BLACK CHERRY BLUES
By James Lee Burke
Harper, 2012, c1989 ($9.99)
Reviewed by Shirley Wetzel
Dave Robicheaux's nightmares of his wife's murder are still vivid and frequent, but he tries to keep himself together, and sober, for the sake of Alafair, the child he rescued from the sea. She has her own nightmares of the violent life she left behind, and he does his best to give her a safe, stable life. His years as a cop and a homicide detective in New Orleans are long gone, and he just wants to work in his bait shop, fish, and hang out with his friends.
His past, however, is not through with him. One rainy morning in a Baton Rouge café he runs into his old college roommate Dixie Lee Pugh, who went on to become one of the first white rhythm and blues stars. His rise was fast, his fall faster, a series of drunken escapades, failed marriages, and a stint in prison. He tells Dave he's made a new life for himself as a leaseman in Montana, and all is well. They say their goodbyes and go their separate ways, but sadly for Dave, they are not done with each other.
Dixie shows up at the bait shop a few days later asking for Dave's help. He'd overheard a couple of his colleagues talking about a double murder they'd committed back in Montana. It seems there are some nasty, dangerous men involved in the oil and gas land grab there, and Dixie is involved with some of the worst. He wants to do the right thing about the murder, but he doesn't think the authorities would take the word of a convicted felon. Dave is sympathetic, but says he can't help.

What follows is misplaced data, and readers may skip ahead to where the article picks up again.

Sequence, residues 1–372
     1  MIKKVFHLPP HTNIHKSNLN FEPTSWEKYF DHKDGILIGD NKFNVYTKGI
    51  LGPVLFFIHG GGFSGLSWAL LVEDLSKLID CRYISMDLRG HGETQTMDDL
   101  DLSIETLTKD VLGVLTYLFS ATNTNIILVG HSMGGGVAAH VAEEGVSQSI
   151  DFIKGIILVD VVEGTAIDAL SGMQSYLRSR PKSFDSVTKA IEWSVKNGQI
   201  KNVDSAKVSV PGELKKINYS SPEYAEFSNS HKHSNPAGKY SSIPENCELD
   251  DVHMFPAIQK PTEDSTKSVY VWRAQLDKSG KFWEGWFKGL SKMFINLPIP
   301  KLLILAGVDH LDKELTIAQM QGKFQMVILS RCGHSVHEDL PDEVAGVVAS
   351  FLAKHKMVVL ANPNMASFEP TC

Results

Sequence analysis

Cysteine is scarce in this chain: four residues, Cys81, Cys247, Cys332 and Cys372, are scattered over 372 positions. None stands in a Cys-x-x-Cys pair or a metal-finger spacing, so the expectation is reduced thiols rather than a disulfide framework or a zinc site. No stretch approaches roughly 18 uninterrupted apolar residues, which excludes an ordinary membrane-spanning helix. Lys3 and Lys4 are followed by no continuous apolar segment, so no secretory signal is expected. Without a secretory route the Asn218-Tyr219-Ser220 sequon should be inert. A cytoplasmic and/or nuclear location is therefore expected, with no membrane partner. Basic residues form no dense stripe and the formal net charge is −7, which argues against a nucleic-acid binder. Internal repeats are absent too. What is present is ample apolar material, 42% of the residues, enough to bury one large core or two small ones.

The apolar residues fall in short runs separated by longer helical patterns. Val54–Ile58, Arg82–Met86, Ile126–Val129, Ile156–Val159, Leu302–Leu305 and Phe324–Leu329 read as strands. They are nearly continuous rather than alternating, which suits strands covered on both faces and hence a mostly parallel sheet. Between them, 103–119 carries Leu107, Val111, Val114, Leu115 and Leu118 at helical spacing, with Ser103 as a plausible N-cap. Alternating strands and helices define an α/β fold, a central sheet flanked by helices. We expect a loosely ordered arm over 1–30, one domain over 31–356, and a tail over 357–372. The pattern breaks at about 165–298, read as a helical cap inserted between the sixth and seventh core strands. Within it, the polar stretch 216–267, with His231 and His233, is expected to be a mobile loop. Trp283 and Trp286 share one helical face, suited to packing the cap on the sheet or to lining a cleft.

Next thing he knows, he's in Dixie's business up to his neck. He's accused of murder, his family and friends are in danger, and he knows if he doesn't take action he's going to end up in Angola for life. He and Alafair head off to Montana, where he employs all his skills and strengths in an attempt to clear his name, stay alive, and keep his daughter safe. Dixie and another face from the past, his old partner Clete, are both a help and a hindrance in his quest.
James Lee Burke has never written a bad book, just different shades of excellence. His prose is as fine as any writer ïn any genre, his skill in writing mysteries is unexcelled. He can write hauntingly beautiful, lyrical scenes of the Louisiana landscape, while painting a picture of the danger that hides in the undergrowth. This book stands the test of time, a great read by a master story teller.
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